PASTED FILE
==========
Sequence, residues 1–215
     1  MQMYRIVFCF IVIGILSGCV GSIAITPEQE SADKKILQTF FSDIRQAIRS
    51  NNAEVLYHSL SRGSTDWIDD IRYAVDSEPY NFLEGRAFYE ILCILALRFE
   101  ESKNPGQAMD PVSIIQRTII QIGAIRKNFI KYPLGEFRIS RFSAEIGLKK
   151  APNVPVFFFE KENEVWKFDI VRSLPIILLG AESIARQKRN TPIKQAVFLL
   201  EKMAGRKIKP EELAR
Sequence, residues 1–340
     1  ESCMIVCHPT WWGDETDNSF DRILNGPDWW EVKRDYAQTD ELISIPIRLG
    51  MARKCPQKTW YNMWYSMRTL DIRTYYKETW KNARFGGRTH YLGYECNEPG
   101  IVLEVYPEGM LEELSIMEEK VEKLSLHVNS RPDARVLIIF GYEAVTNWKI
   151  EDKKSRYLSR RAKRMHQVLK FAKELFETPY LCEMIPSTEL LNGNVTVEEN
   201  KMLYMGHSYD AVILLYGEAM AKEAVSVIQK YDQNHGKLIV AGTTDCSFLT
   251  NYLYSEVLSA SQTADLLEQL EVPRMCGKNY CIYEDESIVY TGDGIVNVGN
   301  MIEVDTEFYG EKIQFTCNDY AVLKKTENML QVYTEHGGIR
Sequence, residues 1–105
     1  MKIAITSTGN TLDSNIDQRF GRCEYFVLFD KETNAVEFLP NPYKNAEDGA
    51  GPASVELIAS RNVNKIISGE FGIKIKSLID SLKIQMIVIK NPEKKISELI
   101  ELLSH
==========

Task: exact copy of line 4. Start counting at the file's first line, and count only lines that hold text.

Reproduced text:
   101  ESKNPGQAMD PVSIIQRTII QIGAIRKNFI KYPLGEFRIS RFSAEIGLKK